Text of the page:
• XHTML example: {http://www.w3.org/1999/xhtml}p.


If the [blocks] option has been specified, MakeParagraphsCmd converts multiple text lines separated by open lines to a single paragraph. Without this option, each non-empty line is converted to a paragraph.


The clipboard contents must be accessed using DocumentView.getXMLClipboard as the XMLClipboard helper object caches parsed XML nodes when the system clipboard contains some XML in string form.


MakeParagraphsCmd cannot be executed if the clipboard is empty or if it contains XML.

4.3. Second step: doExecute

    public CommandResult doExecute(DocumentView docView, 
                                   String parameter, int x, int y) {
        ArrayList<String> textList = new ArrayList<String>();

        StringBuilder block = new StringBuilder();

        LineNumberReader lines = 
            new LineNumberReader(new StringReader(pastable));
        String line;
        while ((line = readLine(lines)) != null) {1
            line = XMLText.collapseWhiteSpace(line);2
            if (line.length() == 0) { 
                // Open line.
                if (blocks && block.length() > 0) {
                    block = new StringBuilder();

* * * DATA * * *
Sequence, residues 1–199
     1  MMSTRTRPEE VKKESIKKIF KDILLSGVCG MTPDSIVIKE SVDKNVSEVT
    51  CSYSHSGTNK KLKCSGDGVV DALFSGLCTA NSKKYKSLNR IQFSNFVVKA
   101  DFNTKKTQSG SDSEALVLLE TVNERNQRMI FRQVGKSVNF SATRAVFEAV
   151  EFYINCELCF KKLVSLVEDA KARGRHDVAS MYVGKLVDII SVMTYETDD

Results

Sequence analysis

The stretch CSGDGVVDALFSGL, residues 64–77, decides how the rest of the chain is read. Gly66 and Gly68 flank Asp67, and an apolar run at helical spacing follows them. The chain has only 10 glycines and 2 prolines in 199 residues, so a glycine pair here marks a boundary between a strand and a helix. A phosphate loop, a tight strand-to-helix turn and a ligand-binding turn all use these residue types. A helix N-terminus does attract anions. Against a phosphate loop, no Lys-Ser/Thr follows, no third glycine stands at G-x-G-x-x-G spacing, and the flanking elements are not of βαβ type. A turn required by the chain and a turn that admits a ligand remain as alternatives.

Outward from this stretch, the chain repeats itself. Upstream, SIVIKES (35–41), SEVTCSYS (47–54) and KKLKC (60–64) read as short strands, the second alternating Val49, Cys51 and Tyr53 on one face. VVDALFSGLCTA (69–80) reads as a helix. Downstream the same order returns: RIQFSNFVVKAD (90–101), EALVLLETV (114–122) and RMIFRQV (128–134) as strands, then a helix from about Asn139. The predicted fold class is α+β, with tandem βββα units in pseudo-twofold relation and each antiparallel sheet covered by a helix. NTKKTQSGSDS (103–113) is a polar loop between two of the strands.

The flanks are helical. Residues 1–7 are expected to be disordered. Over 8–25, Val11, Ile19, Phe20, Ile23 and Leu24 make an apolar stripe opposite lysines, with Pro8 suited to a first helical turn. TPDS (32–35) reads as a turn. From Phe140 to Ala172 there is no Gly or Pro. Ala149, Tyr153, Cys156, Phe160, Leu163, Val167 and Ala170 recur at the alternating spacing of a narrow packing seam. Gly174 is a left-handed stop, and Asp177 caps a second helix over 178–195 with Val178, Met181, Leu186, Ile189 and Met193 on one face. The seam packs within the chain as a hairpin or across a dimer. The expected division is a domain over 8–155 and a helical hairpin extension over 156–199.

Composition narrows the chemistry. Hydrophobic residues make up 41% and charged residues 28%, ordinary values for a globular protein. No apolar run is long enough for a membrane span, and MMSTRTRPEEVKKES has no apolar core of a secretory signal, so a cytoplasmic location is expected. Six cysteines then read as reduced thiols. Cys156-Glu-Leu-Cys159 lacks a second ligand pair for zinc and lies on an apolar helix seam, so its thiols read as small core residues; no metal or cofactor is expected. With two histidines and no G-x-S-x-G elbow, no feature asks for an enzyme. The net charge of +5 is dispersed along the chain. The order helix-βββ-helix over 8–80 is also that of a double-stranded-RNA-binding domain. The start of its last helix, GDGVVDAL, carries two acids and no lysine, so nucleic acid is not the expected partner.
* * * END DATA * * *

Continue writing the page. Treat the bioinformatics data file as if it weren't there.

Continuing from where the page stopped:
line = XMLText.filterText(line);3

            if (blocks) {
                if (block.length() > 0) {
                    block.append(' ');
            } else {

        if (blocks && block.length() > 0) {

        int count = textList.size();
        if (count == 0) {
            return CommandResult.FAILED;

        // The content of the clipboard is fetched as a *Java String*. 
        // Therefore no need to specify encoding in the XML declaration.

        StringBuilder result = new StringBuilder();
        result.append("<?xml version='1.0'?>");4

        openTag(ClipboardFormat.ENVELOPE_NAME, result);5
        for (int i = 0; i < count; ++i) {
            String text = (String) textList.get(i);

            openTag(elementName, result);
            XMLText.escapeXML(text, result);
            closeTag(elementName, result);
        closeTag(ClipboardFormat.ENVELOPE_NAME, result);
        return CommandResult.done(result.toString());


This loop reads the content of the clipboard line by line and, for each paragraph that needs to be created, adds its textual content to ArrayList textList.


Whitespace contained in the textual content of a future paragraph is collapsed using utility XMLText.collapseWhiteSpace.


Non-XML characters contained in the textual content of a future paragraph are discarded using utility XMLText.filterText.


The content of the clipboard is fetched as a string. Therefore there is no need to specify an encoding in the XML declaration.


XXE only supports text inside the clipboard. This text is considered to be XML (that is, not plain text) if it starts with "<?xml " and if it can be parsed as well-formed XML.

As expected, the following text is parsed as a single p element:

<?xml version="1.0"?><p>Paragraph #1.</p>

Using special wrapper element {http://www.xmlmind.com/xmleditor/namespace/clipboard}clipboard, the following text is parsed as multiple p elements and empty text nodes (see ClipboardFormat):

<?xml version="1.0"?>
  <p>Paragraph #1.</p>
  <p>Paragraph #2.</p>

[3] Namespace prefixes are not supported inside command parameters.